Horrible Histories

terrible tudors

Horrible Histories‘ is a series of UK educational books first released in in 1993 with ‘The Terrible Tudors’ and ‘The Awful Egyptians.’ They are designed to engage children in history by presenting the unusual, gory, or unpleasant aspects in a tongue-in-cheek manner in contrast to the formality of lessons taught in school. The books are published by Scholastic and written primarily by Terry Deary (with illustrations by Martin Brown and others).

After a run of 60 books, Deary announced that the series would officially come to an end in 2013 for lack of stories, and said they would focus on the larger media franchise such as magazines, TV, and stage shows. Terry Deary studied at drama college and worked as an actor-teacher at the TIE company in Wales. He then became a theatre director and began to write plays for children. Many of his TIE plays were eventually rewritten and adapted for the ‘Horrible Histories’ books.

By the time the project was presented to him by his publisher, Deary had written around 50 children’s novels. ‘The Guardian’ explains, ‘they wanted a ‘history joke book’ and – when he protested that he knew nothing about history – offered to provide the facts to go with the gags.’ According to Deary, ‘The publishers originally asked for a joke book with a history theme. They said, ‘Put in a few interesting facts to break up the jokes because some of your jokes are very bad.’ And when I looked at the facts, I found they were much more interesting than the jokes. So we ended up with a fact book with jokes. We created a new genre.’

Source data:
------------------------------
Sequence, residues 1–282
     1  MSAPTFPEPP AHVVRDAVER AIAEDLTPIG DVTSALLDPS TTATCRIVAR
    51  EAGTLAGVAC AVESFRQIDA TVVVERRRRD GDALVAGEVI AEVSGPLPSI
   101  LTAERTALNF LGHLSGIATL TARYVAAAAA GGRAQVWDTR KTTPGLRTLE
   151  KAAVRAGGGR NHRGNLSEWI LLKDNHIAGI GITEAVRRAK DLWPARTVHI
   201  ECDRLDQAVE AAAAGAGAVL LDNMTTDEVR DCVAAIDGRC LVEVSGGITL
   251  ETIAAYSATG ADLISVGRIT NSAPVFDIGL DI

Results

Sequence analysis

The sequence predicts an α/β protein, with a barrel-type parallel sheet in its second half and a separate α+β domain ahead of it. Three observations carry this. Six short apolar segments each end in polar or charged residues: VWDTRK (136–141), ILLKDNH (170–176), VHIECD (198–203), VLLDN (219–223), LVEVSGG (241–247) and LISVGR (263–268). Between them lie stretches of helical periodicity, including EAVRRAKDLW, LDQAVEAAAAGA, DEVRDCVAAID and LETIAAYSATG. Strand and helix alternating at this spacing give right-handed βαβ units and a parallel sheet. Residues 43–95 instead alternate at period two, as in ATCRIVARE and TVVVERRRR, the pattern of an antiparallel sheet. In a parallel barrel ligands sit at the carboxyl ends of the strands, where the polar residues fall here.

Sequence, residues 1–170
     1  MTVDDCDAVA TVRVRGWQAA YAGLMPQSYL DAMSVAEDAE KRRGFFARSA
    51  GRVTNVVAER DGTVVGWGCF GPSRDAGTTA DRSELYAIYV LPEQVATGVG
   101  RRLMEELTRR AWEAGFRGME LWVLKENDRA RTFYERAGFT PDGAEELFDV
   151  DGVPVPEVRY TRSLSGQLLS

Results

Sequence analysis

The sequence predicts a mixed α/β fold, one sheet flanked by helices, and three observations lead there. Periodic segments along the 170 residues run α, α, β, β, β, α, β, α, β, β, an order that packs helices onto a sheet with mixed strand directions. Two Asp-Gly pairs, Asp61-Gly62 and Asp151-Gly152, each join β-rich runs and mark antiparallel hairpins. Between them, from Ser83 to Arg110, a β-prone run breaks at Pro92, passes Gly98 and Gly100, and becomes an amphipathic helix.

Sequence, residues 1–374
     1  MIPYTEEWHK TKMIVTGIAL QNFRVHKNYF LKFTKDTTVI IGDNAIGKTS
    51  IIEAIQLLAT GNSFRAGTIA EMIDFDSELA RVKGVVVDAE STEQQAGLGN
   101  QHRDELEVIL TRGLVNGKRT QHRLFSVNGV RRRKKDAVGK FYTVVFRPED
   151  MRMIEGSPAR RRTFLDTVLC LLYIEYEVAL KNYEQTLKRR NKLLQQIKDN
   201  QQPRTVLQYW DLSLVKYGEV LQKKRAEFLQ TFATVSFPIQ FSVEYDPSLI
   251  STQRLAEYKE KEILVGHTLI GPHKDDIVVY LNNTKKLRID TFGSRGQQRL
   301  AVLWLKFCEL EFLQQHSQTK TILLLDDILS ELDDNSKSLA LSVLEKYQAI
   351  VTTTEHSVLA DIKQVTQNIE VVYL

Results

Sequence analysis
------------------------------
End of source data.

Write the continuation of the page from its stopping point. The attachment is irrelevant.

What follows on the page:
The fifth book in the series, ‘Blitzed Brits,’ was published in 1995, by chance coinciding with the 50th anniversary of VE day. The book reached no. 1 on the bestseller list. Deary decided that the book only gave the British viewpoint during World War II. Therefore, he wrote ‘Woeful Second World War,’ focusing on experiences in France, Poland, Germany and Russia, which was published in September 1999, which coincided with the 60th anniversary of the outbreak of World War II.

In 2003, to celebrate the 10th anniversary, Scholastic held a contest to find Horrible Histories’ ‘Brainiest Boffin.’ Deary played the Quizmaster and through a series of rounds, gradually eliminated five of the six finalists to be invited to the London vaults from 500 applicants. Deary eventually returned to the stage. ‘Mad Millennium’ was commissioned by director Phil Clark, who was a fellow TIE participant 25 years before. He suggested turning the books into large-scale theatre productions. Deary was happy to return to writing plays.

In 2003, Dreary told ‘The Guardian’: ‘Everything I learnt [at school] after 11 was a waste of time…it was boring, badly taught and not related to the real world…schools are nothing but a Victorian idea to get people off the street.. Who decided that that putting 30 kids with only their age in common in a classroom with one teacher was the best way of educating?’ He continued, ‘if I had it my way, I wouldn’t have schools at all. They don’t educate, they just keep kids off the streets. But my books educate, because they prepare kids for life…It’s outrageous, why don’t we start telling children the truth about history? I hope my books do just that.’

The series has a skeptical view on the accuracy and validity of history. An introduction to one of the books in series states: ‘History can be horrible. Horribly hard to learn. The trouble is it keeps on changing … In history a ‘fact’ is sometimes not a fact at all. Really it’s just someone’s ‘opinion.’ And opinions can be different for different people … Teachers will try to tell you there are ‘right’ and ‘wrong’ answers even if there aren’t.’